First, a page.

When you purchase chicken, ensure that you keep it in the refrigerator for two hours. If you don’t cook the chicken in two days, you can freeze it in the freezer-safe plastic wrap and allow it to thaw before cooking. There are many ways to thaw frozen poultry:

  • Refrigerate it for 24 hours prior to cooking.
  • Place it in cold tap water until it begins to melt. Change the water every 30 minutes. A 3-pound bag will take about two hours to defrost using this method.
  • Utilize your microwave to melt chicken. Be sure to cook it right away afterward.

No matter what method you decide to use, Whatever method you choose, don’t leave your chicken at a temperature that is more than 40 degrees F during thawing as bacteria could begin to develop in the chicken’s meat. You may also opt to cook your meat that has been frozen.

When cooking, you should concentrate on warming the chicken to the correct temperature, not cooking time. The chicken should be cooked to the internal temperature at 160 degrees F before eating. To test this, insert an edible thermometer in the fattest part of the piece or chicken piece you’re cooking. Do not let the thermometer be in contact with any bones.

In the case of baking chickens:

  • A breast of 4 ounces that is boneless is expected to take between 20 and thirty minutes in 350 degrees F to cook.
  • Bone-in chicken breasts are bigger and will require more time to cook. Bake them in 30-40 minutes, at 350° F.
  • To stuff chicken breasts with a filling, Bake for an additional 15-30 minutes to ensure the chicken is cooked to perfection.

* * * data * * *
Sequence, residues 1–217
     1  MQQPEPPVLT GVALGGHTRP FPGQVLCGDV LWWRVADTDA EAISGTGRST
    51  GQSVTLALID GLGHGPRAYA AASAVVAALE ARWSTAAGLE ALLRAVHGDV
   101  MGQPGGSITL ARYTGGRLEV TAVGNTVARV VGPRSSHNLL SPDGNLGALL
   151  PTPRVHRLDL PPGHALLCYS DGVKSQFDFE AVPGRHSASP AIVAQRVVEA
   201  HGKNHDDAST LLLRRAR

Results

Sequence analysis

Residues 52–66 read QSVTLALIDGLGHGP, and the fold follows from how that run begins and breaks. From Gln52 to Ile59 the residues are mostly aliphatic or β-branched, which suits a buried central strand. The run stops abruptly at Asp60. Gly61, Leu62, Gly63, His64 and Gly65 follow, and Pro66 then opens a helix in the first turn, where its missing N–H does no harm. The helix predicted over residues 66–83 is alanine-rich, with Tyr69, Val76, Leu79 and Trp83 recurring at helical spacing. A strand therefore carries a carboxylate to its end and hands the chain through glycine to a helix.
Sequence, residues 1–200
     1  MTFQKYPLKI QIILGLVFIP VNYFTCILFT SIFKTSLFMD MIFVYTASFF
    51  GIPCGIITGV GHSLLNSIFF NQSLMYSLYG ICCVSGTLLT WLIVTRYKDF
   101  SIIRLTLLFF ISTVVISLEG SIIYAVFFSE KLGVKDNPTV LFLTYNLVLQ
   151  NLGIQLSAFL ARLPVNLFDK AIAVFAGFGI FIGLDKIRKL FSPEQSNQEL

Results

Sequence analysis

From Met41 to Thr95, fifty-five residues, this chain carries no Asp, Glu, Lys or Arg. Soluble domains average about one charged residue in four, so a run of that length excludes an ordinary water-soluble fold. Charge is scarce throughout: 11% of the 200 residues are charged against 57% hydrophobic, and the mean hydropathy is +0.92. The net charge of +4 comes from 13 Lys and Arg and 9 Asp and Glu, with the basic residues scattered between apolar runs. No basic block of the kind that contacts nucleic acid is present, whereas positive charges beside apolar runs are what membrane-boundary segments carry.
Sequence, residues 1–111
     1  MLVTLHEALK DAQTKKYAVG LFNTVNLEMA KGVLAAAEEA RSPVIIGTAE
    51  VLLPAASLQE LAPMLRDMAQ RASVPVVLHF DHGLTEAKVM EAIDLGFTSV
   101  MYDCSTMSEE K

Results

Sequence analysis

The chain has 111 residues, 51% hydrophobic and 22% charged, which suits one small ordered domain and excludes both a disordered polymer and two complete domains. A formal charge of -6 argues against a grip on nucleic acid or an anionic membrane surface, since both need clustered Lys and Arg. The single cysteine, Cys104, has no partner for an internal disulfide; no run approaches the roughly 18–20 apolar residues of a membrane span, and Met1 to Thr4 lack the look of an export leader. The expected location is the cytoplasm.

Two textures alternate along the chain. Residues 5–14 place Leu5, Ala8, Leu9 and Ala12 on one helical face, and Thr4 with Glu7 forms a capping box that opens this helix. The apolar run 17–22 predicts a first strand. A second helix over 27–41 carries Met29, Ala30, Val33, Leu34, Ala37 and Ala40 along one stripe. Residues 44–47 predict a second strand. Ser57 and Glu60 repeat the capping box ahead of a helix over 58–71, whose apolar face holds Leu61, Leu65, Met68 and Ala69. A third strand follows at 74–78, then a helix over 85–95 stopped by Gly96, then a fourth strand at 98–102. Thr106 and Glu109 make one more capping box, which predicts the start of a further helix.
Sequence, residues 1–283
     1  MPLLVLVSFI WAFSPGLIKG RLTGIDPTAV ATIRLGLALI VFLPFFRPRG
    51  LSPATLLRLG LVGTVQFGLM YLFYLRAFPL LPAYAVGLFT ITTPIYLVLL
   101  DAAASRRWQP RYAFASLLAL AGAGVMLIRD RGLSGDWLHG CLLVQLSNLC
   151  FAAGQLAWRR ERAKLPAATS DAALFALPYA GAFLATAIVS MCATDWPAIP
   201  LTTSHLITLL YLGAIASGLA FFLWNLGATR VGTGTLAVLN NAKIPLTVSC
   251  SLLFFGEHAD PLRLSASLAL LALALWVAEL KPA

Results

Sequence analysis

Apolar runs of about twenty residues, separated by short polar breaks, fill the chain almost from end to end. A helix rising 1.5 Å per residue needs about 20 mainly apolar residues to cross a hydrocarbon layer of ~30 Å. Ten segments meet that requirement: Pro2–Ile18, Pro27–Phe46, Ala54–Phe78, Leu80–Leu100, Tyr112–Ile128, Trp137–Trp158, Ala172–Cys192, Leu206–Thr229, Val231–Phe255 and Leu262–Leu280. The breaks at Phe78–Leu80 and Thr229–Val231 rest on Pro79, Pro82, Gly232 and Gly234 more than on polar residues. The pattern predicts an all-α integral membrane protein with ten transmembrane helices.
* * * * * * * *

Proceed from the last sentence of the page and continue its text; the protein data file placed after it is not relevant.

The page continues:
If you need to chop your bird, you must use an entirely separate cutting area and knife in order to avoid cross-contamination with other food items. After the chicken is cut, you must thoroughly clean and disinfect the cutting area and all kitchen equipment that came in contact with the chicken’s raw meat. Make sure to wash your hands after touching raw meat as well as any other food item.

There are numerous ways to relish a delicious chicken breast, which includes:

  • Shredded in salads.
  • Grilled with rice or vegetables.
  • A sandwich is cut into slices.
  • It can be used as a substitute for a beef patty that is used in the form of a hamburger.
  • Serve with pasta and the sauce you prefer.
  • Wrap it up with salsa and Hummus.

Chicken Breast: 284 Calories

Chicken breast is among the most well-known kinds of meats from chicken. It’s high in protein as well as low in fat. This makes it a fantastic option for people looking to shed weight.

Skinless, boneless cooking bird breast (172 grams) includes the breakdown of the following nutrients ( 1):

  • Calories: 284
  • Protein: 53.4 grams
  • Carbs0 grams
  • The Fat 6.2 grams

A 3.5-ounce (100-gram) portion of chicken breasts provides 165 calories, the protein content is 31g, and 3.6 grams of fat.

This means that around 20% of calories in chicken breast come from protein, and 20% are from fat.

Remember that these numbers refer to the plain chicken breast without additional ingredients. When cooking in oil or adding marinades, sauces, or marinades, add calories, carbohydrates, and fat.

Ru is an entertainment nerd who likes to spill the beans about what's happening in the entertainment industry. She comes up with well-researched articles so that you can "Netflix and Chill." Come join her as she has a lot to tell her readers.